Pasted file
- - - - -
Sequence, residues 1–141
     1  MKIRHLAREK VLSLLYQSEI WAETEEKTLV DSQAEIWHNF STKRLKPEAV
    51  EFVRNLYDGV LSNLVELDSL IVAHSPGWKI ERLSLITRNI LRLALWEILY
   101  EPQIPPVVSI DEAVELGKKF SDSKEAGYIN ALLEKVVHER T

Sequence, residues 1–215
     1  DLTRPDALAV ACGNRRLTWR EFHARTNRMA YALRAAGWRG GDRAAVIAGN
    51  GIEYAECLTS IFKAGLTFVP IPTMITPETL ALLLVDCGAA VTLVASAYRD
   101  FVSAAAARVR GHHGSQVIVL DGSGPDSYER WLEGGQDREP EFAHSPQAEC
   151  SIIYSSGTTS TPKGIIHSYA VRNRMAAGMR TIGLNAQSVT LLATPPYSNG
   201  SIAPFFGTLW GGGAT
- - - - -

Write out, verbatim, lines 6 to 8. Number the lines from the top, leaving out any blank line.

     1  DLTRPDALAV ACGNRRLTWR EFHARTNRMA YALRAAGWRG GDRAAVIAGN
    51  GIEYAECLTS IFKAGLTFVP IPTMITPETL ALLLVDCGAA VTLVASAYRD
   101  FVSAAAARVR GHHGSQVIVL DGSGPDSYER WLEGGQDREP EFAHSPQAEC